Everyone aspires to tell an engaging story these days. Creating an emotional connection with the audience can be a challenge, but it is going to give you the best possible chance of drawing them in and building a relationship. From a video standpoint, there are key elements to consider. I called on the expertise of Creative Director Craig Bass and Senior Editor and Hunter Kallenbach for their insight into the world of visual storytelling.
The most important aspects of selecting a character, or characters for your videos, are willingness and enthusiasm. If a candidate does not possess these features, they should not be considered for participation. People who hesitantly donate their time to the project will never be as fluent and candid as someone who has an actual desire to be involved. Let’s take a hypothetical, and assume that we are producing a video about an exciting new robotics project. Jim, the chief engineer on the project is brilliant and a driving force behind much of the work, but he has a difficult time articulating his thoughts, and has agreed to be in the video, but only if you "really need him to be". On the other hand, there is Ryan. Ryan is Jim’s junior on the team, but his passion for the project is unmatched, and he is extremely excited about the prospect of being involved in the video. Unless there is some pressing political reason to feature Jim, Ryan is a much more apt choice. Even if it is important that Jim is included, his time on screen should be minimized in comparison to Ryan’s.
People want to hear from people that are passionate and involved. And, if someone isn’t passionate and involved in being a part of a video project, this will infect their performance on camera, making them seem detached from the message: you never want the story to suffer because of the storyteller.
The actual message is just as critical; it is the substance of the story. The message may be conveyed through an interview, scripted voice over, or text on screen, to name a few methods of delivery. What is said, and how it is said, can change the tone of the message and the overall piece.
Deciding how much information to disclose is important. Some may want to only communicate high-level, general facts, and that may work just fine in particular situations. But we, as humans, want the details; they generally create a more exciting story. Do not be afraid of specifics. A good story cannot be compelling without a focus on the specific. It feeds our desire to connect and understand. We want to know who did what, when, and what effect this had on them and their world. Basic components of a story include character, setting, conflict, plot, and resolution. In most cases, building your message with these points in mind is going to set a story up for success. Story engages an audience. Story keeps them on the hook. And, story is what is going to move an audience to take action. Focus on story.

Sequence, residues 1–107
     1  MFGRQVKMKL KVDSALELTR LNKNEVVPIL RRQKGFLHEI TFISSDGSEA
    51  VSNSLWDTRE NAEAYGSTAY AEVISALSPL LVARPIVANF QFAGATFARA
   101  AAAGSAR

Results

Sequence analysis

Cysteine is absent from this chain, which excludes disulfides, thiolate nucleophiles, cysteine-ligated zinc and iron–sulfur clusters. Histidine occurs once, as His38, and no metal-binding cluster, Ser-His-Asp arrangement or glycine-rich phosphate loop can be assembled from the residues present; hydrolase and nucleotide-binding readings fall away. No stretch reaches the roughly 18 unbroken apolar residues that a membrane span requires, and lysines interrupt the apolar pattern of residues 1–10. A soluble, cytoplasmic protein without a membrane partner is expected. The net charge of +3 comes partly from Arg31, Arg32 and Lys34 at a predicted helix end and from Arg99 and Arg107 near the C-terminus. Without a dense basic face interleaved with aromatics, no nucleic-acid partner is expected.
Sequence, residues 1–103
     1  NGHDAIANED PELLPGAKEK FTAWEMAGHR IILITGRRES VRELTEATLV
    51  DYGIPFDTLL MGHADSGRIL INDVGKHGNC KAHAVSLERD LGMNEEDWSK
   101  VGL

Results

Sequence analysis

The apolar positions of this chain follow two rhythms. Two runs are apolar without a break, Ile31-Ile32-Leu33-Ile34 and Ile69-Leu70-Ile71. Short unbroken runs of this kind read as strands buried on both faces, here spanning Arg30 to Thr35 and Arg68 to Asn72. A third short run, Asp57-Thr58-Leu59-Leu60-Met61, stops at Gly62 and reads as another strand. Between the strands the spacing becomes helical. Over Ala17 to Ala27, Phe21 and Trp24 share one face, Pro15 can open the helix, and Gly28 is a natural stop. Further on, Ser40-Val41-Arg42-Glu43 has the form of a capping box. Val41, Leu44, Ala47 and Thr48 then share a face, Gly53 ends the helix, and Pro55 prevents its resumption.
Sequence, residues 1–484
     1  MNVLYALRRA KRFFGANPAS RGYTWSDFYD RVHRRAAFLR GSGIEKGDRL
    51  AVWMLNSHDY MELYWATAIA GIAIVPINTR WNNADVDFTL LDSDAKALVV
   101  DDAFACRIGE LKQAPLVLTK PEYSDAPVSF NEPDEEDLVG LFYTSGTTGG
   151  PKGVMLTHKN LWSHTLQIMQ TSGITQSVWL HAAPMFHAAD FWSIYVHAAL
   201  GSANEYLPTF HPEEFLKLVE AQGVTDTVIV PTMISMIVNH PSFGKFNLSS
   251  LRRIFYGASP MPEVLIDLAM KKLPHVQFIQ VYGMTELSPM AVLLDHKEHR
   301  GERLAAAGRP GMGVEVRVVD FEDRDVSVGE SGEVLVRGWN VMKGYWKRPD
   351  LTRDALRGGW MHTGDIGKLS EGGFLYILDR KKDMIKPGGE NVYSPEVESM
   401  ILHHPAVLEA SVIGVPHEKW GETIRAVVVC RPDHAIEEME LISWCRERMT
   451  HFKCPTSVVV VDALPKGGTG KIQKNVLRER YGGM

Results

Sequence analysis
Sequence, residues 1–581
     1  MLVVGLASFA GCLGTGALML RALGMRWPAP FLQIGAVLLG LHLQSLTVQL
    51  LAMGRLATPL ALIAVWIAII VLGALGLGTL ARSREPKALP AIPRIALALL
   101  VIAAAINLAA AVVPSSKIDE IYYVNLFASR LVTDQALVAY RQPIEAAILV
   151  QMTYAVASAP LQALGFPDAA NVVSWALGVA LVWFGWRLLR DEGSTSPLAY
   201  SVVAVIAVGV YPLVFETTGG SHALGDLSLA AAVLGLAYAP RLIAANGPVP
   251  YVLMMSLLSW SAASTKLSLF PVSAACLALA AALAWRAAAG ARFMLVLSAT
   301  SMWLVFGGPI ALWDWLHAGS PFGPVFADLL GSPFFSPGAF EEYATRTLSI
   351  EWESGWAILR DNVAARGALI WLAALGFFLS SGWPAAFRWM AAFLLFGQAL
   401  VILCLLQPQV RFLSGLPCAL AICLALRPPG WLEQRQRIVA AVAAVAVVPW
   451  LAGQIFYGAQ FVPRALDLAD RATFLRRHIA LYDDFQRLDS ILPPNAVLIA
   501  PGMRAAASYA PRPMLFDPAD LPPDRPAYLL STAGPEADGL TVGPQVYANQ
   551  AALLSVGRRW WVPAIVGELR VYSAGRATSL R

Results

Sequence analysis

When we are filming a project, it isn’t enough to get a camera in place and start rolling. This might cut it with reality television, but it certainly doesn’t make the grade when it comes to evocative storytelling. Each shot needs to be evaluated on its own: the angle and height of the camera, the selection of lens, and the choice of whether or not to utilize camera movement, and what that specific movement consists of. All of these decisions have an impact on the content of the scene, both informationally, and perhaps most importantly, emotionally.
Let’s take, as an example, a scene wherein the subject is contemplating the loss of a loved one. Some might think it best to linger on a close-up of this person’s face, so as to draw from the intimacies of their emotion. Others might feel that it would be better to capture a wide shot, showing the individual isolated within their larger space, suggesting a feeling of emptiness haunting them. In truth, you probably want to use a combination of both. The last thing that you want to do is simply set-up a camera and roll--there must be intention.
Choosing the right music for your video can be a daunting task. There are so many styles and options it can be difficult to decide what will work best. You can go ahead and choose any old song, but when you watch the video, something just seems off, right? Why does this happen? It turns out that music has a profound influence on how images are perceived. The right song will help set the tone of your video. It will lead the audience in whatever direction you wish to take them. This makes music a powerful component of your video that can strengthen the impact of your message. When choosing a song, think about the tone you wish to convey. Who is your audience and what kind of music would they relate to? What tempo and instrumentation will work best? Music has a way of playing to our emotions. Finding just the right song will help increase the emotional impact of the video and leave a lasting impression on the viewer.
Keep these ideas in mind for your next video project, and you'll be on the right path to create a compelling story!